Monday 26 August 2019

Chased man with garden shears

Victim in fear of his life during drug-fuelled rampage

A young Dundalk man who went on a drug fuelled rampage in which he chased another man with broken garden shears and stabbed a man who attempted to apprehend him when he was intimidating elderly people has been jailed for three and a half years.

David Cooney, aged 23 of Mooreland Row, Armagh Road, Dundalk pleaded guilty at Dundalk Circuit Court to assault causing harm, criminal damage, possessing a knife and possessing garden shears a on September 30th 2016.

The court heard that he chased a victim whom he met Broughton Street with two halves of a pair garden shears. The man managed to get into his house and close the door but the accused could be heard shouting and banging the door, before breaking glass.

The victim was in fear of his life as were others in the house.

Cooney also admitted stabbing a man who had noticed him acting suspiciously at Linenhall Street and tried to tackle him because his behaviour was causing a nuisance for a number of elderly people, ended up being stabbed. The man sustained a stab wound under his left armpit.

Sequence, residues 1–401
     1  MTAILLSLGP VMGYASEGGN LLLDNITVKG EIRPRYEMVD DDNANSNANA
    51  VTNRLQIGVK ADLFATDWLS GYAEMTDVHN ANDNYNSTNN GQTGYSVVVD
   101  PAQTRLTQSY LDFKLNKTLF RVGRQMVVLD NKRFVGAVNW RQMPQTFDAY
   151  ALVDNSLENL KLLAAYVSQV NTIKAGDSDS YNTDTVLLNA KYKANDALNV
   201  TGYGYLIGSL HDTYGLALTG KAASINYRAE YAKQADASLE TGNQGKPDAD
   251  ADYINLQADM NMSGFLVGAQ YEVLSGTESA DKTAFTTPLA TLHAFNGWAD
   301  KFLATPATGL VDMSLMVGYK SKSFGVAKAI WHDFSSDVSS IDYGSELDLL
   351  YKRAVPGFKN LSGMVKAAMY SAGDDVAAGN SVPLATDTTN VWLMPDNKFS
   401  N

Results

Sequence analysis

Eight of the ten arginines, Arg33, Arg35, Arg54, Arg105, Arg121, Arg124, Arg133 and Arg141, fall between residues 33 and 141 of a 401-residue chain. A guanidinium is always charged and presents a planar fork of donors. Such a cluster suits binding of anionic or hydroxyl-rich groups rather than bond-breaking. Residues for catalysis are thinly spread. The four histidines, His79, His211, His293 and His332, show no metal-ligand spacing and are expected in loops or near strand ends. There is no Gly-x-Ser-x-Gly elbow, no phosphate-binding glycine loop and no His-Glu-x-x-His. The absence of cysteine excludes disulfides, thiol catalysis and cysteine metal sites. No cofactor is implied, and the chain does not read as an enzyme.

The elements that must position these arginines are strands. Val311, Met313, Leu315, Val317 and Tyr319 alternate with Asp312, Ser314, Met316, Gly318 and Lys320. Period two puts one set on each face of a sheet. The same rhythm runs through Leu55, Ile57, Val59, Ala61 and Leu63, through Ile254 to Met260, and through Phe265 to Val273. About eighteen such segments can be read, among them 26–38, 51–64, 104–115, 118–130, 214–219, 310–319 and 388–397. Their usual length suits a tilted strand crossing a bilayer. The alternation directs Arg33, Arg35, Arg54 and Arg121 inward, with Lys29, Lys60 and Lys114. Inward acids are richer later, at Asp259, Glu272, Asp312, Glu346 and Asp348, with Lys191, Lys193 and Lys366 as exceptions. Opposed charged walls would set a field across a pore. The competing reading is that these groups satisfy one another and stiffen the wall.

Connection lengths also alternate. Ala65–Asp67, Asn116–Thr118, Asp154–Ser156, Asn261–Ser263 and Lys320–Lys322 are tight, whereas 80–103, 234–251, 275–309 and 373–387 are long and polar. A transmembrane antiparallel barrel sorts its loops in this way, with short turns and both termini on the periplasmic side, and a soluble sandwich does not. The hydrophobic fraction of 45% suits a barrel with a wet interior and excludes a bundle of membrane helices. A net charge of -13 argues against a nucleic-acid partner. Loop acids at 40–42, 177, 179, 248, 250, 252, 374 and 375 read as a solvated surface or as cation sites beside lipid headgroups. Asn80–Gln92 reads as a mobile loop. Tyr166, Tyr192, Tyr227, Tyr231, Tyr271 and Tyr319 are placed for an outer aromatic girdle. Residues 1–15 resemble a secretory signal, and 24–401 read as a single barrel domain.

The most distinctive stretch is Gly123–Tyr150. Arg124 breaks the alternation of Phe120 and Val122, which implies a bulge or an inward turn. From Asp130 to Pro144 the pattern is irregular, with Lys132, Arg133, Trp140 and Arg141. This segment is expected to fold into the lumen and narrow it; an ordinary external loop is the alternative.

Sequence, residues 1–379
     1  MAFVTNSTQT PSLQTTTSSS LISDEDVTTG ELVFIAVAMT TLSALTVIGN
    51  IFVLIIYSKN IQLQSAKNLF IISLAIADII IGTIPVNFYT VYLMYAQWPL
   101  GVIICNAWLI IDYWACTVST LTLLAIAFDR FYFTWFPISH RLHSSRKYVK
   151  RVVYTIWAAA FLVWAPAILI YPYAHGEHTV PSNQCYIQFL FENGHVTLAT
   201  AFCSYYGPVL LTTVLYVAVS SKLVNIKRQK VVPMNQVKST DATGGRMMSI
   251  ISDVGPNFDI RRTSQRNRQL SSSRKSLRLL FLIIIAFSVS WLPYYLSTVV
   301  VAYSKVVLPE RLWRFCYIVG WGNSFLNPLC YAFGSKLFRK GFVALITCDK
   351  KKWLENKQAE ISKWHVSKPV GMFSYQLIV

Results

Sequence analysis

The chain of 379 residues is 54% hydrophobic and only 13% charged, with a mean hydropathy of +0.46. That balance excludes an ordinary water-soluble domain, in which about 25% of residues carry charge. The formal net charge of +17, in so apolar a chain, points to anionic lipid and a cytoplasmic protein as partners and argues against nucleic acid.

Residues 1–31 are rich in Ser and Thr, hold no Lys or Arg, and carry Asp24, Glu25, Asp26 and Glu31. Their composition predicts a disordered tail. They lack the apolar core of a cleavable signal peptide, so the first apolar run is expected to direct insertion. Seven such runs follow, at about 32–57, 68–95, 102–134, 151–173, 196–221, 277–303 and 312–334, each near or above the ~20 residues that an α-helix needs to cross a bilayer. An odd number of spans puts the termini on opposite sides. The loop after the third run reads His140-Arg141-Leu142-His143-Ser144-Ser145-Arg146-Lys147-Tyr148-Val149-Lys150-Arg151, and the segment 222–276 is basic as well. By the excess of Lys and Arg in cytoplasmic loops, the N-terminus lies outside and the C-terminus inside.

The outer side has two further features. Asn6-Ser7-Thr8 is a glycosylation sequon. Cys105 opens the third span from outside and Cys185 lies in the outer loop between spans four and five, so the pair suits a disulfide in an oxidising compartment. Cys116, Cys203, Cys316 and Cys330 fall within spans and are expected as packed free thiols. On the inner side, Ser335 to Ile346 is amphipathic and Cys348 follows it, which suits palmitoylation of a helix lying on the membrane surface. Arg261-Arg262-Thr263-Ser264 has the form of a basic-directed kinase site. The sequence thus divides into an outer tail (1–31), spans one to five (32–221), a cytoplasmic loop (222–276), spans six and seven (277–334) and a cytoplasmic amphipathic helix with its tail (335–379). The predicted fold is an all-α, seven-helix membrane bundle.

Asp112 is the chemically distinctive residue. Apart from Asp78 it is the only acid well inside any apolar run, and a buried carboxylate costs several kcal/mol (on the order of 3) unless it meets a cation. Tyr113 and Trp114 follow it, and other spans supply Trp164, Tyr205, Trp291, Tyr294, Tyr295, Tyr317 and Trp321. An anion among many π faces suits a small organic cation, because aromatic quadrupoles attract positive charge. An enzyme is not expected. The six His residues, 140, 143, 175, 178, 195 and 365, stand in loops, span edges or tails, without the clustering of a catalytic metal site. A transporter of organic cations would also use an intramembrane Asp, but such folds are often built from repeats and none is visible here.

Judge Martina Baxter remarked that the victim in that case was doing what a citizen should be doing in pointing out bad behaviour and protecting the vulnerable.

Gardai called to the defendant's home at 5.15pm that evening and Cooney was found upstairs, asleep in a bed and fully clothed. Gardai found a large knife on a locker at the end of the bed. During a further search of the house, black woolen gloves were found.

The court heard that Cooney had consumed pills on the day in requestion and had no recollection of the events. He admitted owning the shears but gave no reason for chasing the first man.

The stab victim - who had suffered a six or seven centimetre wound had made a full recovery, while the partner of the man who was chased by David Cooney, a mother of young children said she felt her home was under seige

Judge Baxter noted the accused was assessed as being at high risk of reoffending and acknowledged his offending is linked to his drug use, but she had no proof since November of his drug free status, as an updated urinalysis report was not available.

She imposed sentences totalling four years, with the final six months suspended. She ordered Cooney to enter a bond to be of good behaviour for six months after his release and to engage with the Probation Service after his release.

The Argus